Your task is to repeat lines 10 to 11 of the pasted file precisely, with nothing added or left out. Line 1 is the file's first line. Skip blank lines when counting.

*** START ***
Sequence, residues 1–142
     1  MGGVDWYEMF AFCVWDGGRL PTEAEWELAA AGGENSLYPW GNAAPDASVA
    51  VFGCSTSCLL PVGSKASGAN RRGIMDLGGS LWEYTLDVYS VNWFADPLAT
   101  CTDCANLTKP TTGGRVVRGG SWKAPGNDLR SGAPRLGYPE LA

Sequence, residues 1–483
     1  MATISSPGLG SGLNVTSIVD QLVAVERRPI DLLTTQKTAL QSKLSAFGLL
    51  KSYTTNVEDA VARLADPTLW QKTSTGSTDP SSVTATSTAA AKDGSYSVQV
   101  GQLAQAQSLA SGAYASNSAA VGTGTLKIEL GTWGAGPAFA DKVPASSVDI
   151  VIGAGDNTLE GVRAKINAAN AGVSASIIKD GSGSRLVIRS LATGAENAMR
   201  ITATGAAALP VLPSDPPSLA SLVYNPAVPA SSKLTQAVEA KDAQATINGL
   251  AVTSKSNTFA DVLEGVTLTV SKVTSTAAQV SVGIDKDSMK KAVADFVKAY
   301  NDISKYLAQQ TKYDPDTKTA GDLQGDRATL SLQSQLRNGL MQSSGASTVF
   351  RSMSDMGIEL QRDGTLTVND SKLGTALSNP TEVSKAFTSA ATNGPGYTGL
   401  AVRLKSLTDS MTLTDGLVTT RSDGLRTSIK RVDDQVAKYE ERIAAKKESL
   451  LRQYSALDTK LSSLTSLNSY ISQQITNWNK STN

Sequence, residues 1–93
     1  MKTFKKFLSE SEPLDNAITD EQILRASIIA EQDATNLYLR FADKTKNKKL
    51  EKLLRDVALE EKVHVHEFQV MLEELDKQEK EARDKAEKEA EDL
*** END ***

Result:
   201  ITATGAAALP VLPSDPPSLA SLVYNPAVPA SSKLTQAVEA KDAQATINGL
   251  AVTSKSNTFA DVLEGVTLTV SKVTSTAAQV SVGIDKDSMK KAVADFVKAY